LabMed

A Positive Test for Hypercoagulability

Differential Diagnosis

Presence of factor V Leiden (can be heterozygous or homozygous)

Presence of prothrombin 20210 mutation (can be heterozygous or homozygous)

Presence of antiphospholipid antibody; could be manifested as lupus anticoagulant or anticardiolipin antibodies or anti-beta 2 glycoprotein 1 antibodies (IgG, IgM, IgA)

Elevated homocysteine

Deficiency of protein C not produced by Coumadin or other acquired cause

Deficiency of protein S not produced by Coumadin or other acquired cause

Deficiency of antithrombin not produced by heparin or low-molecular-weight heparin therapy or other acquired cause

Suggested Additional Lab Testing

Test for activated protein C resistance as a screening test for factor V Leiden mutation.

If screening test suggests a heterozygous or homozygous form of factor V Leiden mutation, perform a genetic test to determine zygosity.

If lupus anticoagulant is present, the activated protein C resistance test will suffer interference; only the genetic test for factor V Leiden should be performed in this circumstance.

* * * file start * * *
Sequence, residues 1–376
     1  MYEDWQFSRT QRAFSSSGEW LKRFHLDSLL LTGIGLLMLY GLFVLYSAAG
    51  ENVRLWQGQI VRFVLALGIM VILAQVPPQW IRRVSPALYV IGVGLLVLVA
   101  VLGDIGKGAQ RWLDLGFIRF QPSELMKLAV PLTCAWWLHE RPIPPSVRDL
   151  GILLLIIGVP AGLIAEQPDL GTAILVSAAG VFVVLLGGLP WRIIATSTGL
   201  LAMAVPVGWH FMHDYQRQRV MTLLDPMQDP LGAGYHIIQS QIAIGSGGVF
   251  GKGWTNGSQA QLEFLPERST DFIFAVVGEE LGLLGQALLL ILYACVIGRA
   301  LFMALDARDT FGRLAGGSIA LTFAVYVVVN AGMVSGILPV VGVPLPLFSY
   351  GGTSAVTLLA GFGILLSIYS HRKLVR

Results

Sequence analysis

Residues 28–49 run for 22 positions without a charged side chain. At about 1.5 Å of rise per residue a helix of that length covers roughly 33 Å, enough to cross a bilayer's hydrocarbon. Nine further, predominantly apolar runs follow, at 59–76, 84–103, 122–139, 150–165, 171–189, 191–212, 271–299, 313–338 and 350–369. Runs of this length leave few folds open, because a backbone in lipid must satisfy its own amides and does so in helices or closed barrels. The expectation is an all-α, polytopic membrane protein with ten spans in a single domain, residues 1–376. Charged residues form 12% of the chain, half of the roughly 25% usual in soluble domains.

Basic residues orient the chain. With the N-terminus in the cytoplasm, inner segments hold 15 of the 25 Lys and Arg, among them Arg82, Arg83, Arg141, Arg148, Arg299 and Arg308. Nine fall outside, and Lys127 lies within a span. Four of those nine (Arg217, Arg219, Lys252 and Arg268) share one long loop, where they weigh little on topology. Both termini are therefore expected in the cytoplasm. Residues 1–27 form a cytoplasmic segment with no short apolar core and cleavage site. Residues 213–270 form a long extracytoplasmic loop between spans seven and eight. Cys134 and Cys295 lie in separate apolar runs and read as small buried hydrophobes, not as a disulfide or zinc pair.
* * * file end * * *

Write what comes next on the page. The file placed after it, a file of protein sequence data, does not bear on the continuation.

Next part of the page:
Perform genetic test for prothrombin 20210 mutation; there is no simple screening test for this abnormality.

Test for antiphospholipid antibody, both for lupus anticoagulant and anticardiolipin antibodies, and/or anti-beta 2 glycoprotein 1 antibodies (IgG and IgM at least).

Test for protein C functional activity; if the functional activity is low, test for protein C antigen to reveal type of protein C deficiency.

Test for protein S either by functional assay or free antigen assay; if there is a deficiency, measure total protein S antigen to type a congenitally low protein S patientt. Test for antithrombin functional activity; if it is low in absence of heparin, measure antithrombin antigenic activity to type the deficiency.

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